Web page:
“Some refer to it as the Muslim ban, some argue that it does not affect all Muslims so it is not a Muslim ban, that is up for debate. What is not up for debate is that it affects all Iranians. Iranians, of the six countries, make up 58% of the visas that are granted annually” said NIAC policy director, Jamal Abdi, in his opening remarks.
A diverse group of national security, immigration and legal experts examined Trump’s latest Muslim ban at a NIAC-sponsored briefing on Capitol Hill on Monday. The panelists discussed the impact on the Iranian-American community, the discriminatory nature of the ban and the likelihood of legal challenges succeeding in overturning the order.
He went on to remind the audience that although the revised ban is unlikely to create chaos at airports it will still create chaos in the lives of those impacted. According to Abdi those most affected by the ban include family members of Iranian Americans and the approximately 12,000 Iranian students who are studying in the US.
Abdi noted that successive US administrations have supported increased interactions with the people of Iran and Iranian students are the best example of this. “Those 12,000 under the new ban, they get to keep their visas, but if they leave they’re not going to be able to come back and any new students are going to be blocked for the foreseeable future” said Abdi.
“I think what is most upsetting about this ban is that it isn’t directed at the government. It’s directed against the Iranian grandmother who wants to come to her son’s wedding,” said the Atlantic Council’s Barbara Slavin.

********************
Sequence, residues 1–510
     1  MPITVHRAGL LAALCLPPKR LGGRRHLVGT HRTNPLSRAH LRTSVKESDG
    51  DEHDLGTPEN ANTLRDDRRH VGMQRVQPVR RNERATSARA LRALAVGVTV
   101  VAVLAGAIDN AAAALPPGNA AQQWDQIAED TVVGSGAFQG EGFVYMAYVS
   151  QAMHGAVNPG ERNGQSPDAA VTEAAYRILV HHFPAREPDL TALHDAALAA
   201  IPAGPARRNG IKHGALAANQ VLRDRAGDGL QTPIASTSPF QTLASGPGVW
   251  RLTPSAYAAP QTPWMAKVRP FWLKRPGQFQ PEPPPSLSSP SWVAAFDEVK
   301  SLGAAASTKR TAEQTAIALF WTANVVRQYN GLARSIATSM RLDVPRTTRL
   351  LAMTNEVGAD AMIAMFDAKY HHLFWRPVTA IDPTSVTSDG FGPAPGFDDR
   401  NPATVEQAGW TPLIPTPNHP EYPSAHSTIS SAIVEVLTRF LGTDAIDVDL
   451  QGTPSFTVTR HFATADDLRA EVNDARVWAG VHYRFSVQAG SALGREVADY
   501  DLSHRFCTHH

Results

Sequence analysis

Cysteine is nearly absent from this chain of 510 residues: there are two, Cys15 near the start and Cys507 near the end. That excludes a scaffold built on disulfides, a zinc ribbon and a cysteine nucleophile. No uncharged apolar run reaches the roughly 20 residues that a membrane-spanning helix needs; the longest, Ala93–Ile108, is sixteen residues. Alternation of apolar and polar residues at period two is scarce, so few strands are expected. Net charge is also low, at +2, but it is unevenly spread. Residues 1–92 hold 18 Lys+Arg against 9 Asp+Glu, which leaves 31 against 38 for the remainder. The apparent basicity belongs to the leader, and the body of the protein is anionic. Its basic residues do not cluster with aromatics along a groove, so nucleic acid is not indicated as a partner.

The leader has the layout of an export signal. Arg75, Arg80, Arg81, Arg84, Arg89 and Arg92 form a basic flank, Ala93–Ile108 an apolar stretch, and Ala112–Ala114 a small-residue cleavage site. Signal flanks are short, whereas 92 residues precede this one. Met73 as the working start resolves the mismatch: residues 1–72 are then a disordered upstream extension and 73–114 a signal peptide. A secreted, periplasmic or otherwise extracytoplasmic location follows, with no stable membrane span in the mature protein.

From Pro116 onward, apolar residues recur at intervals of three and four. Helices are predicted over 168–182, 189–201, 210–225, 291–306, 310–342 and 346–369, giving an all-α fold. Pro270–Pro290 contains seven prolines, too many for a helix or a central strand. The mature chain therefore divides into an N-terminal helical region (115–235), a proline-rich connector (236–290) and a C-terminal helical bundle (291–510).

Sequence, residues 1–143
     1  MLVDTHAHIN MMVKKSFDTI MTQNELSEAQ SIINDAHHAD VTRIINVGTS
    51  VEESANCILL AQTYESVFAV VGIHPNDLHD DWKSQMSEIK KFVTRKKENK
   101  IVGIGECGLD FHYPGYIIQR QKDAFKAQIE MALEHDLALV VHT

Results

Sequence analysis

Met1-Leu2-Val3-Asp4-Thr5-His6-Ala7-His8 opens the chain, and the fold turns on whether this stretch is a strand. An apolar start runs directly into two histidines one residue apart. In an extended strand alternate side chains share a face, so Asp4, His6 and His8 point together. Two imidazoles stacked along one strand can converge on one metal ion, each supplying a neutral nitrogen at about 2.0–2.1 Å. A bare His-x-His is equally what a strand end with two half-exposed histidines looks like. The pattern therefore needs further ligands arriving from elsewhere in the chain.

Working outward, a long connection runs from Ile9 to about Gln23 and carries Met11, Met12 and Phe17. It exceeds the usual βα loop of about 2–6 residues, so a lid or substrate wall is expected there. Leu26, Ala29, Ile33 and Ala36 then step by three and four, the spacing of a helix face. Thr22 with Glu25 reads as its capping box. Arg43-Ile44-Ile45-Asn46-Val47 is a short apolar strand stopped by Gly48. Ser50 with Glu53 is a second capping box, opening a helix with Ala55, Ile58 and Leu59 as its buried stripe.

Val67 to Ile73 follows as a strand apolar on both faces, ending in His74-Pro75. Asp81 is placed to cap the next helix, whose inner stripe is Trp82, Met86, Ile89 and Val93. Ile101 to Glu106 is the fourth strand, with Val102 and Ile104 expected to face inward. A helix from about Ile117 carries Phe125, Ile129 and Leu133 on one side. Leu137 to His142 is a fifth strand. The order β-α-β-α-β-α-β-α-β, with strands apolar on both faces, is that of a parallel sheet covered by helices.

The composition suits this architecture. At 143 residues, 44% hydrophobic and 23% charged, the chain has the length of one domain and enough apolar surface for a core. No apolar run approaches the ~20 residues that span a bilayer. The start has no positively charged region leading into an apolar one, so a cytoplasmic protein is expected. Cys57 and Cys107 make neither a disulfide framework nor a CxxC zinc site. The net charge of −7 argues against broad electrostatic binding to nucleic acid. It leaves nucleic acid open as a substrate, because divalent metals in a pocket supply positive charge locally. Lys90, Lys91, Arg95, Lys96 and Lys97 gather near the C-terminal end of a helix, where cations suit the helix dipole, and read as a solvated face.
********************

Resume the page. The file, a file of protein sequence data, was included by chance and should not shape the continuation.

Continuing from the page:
David Bier who serves as the CATO Institute’s immigration policy analyst, questioned the rationale behind the ban in the first place and asserts that the threat of terrorism from foreigners is overstated.
Bier noted that the likelihood of being killed in a homicide in the U.S. is one in 14,000, compared to the likelihood of being killed by a foreigner in an act of terrorism on U.S. soil, which is one in 3.6 million. Thus, while the fear generated by terrorist attacks is real, the threat is actually much smaller than many expect. Further, Bier noted that there have been no deaths on U.S. soil resulting from terror attacks committed by nationals that would be subject to Trump’s bans, undermining the justification of the order.
“The fundamental basis of this entire order is premised on the idea that foreign-born terrorism is an extreme threat to the United States. Terrorism is a problem but you have to put it in context” said Bier.
So what was the purpose of the revised ban?
Amanda Frost who is a law professor at American University’s Washington College of Law thinks the new ban was tailored to try to withstand some legal challenges.
“The Trump administration is attempting to carve out all of the people with connections to the United States such as they have constitutional rights to return” said Frost.
Frost explained that this would make it more difficult to bring due process claims against the new order. However, Frost asserted that strong challenges will continue given the context of the order and its undermining of Constitutional protections.
“There’s a fair amount of context there that the Establishment Clause claim should still pose a problem for this new ban even if the due process claims are now somewhat ameliorated in light of the narrow scope.” The Establishment Clause prevents the establishment of laws that discriminate based on religion or national origin.
“You have to look at the history of it. And if you look at the history of this ban you can really see it derives from Donald Trump’s statement as a candidate on December 7th, 2015” said Frost referring to candidate Trump’s original call for a “total and complete shutdown of Muslims entering the United States.”Back to top